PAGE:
In the regularity section, crew n° 74 Philip Vlieghe / Oliver Laporte in a 1965 AC Shelby Cobra 427 had taken the lead followed by crew n°67 Axel Urban / Andrea Urban in a 1972 Porsche 911 T and crew n° 68 Ruben Maes / Aswin Pyck  in a 1970 Porsche 914/6. One of the nicest moments of the day was watching the 1952 Jaguar C-type driven by crew n° 60 Joel Berg / Alva Berg entering the paddock at Imola after completing their laps on the track: the father and daughter team were making their debut at the Modena Cento Ore and the expression on their faces, as they talked about the excitement of driving on this historic track, was marvellous.

Then the crews were off for the convoy through Imola city centre, the drive to the Monte Faggiola special stage, followed by the Sambuca special stage. Passo Colla awaited followed by the convoy at Castel del Rio, the time stamp at Scarperia opposite Palazzo dei Notari, and the evening arrival at the Mugello Circuit where the cars parked up for the night.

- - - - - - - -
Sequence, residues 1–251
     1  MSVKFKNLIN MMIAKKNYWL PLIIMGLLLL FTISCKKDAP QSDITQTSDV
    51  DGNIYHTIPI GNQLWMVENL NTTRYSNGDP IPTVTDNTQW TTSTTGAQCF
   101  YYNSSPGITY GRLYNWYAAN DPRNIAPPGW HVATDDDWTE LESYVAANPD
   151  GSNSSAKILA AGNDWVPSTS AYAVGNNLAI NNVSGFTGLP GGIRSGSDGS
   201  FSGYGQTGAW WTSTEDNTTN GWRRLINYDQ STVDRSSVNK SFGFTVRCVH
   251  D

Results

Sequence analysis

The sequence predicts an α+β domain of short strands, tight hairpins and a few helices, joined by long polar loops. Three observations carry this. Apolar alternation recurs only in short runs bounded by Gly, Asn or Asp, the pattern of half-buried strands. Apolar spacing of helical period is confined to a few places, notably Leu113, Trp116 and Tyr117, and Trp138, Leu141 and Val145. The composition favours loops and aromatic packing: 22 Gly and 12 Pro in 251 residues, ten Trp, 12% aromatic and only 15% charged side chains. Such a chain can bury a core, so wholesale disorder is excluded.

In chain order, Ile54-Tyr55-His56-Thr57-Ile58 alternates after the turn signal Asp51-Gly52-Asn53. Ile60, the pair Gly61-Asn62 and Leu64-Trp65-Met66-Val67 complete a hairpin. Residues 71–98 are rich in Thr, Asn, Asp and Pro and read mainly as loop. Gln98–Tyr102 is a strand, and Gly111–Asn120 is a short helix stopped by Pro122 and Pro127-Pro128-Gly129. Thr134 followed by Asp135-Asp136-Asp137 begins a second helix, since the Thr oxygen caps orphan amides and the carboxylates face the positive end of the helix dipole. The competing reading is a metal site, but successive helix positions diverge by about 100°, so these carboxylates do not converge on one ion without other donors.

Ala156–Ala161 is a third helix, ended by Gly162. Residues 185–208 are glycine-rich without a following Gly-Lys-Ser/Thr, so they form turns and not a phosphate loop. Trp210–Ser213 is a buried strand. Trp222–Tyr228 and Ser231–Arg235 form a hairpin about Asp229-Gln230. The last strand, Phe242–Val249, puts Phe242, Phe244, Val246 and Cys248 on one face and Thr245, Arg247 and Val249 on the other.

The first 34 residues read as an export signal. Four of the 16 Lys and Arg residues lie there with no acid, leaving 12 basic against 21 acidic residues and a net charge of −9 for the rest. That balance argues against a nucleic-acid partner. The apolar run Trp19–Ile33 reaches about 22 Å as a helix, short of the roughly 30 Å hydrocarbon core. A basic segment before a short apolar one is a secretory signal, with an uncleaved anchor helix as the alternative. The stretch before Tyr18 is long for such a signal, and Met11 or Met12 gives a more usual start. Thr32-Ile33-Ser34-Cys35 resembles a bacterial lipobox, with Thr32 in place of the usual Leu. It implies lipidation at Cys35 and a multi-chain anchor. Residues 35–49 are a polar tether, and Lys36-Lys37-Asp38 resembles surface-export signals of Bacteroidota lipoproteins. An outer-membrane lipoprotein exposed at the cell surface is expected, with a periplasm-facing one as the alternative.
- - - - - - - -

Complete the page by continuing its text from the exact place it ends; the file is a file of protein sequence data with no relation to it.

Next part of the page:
However, the Modena Cento Ore was as selective as ever and the demands it makes on men and machines have to be paid for in terms of mechanical reliability. To everyone's great regret, the vehicles forced to retire included the only participating car entered in the speed section, Albert Otten and Kurt Peter Muller’s 1939 BMW 328.

Afterwards, a gala dinner was held in pure Modena Cento Ore style at the cloisters of Santa Maria Novella in the heart of Florence, with a backdrop of frescoes and accompanied to music played by violins.

Day 3: From the Mugello Circuit to Forte dei Marmi
Could anyone fail to be moved by the beauty of Florence? Although the Modena Cento Ore is a competition dedicated to classic cars, visiting the Cloisters of Santa Maria Novella in the magical light of the setting sun made a noticeable impact on all the participants and deserves to be mentioned. After all, this is one of the most fascinating aspects of the Modena Cento Ore: its ability to bring together an apparently impossible combination, namely the adrenaline of the racetrack and the enthusiasm for the works of art of the Renaissance.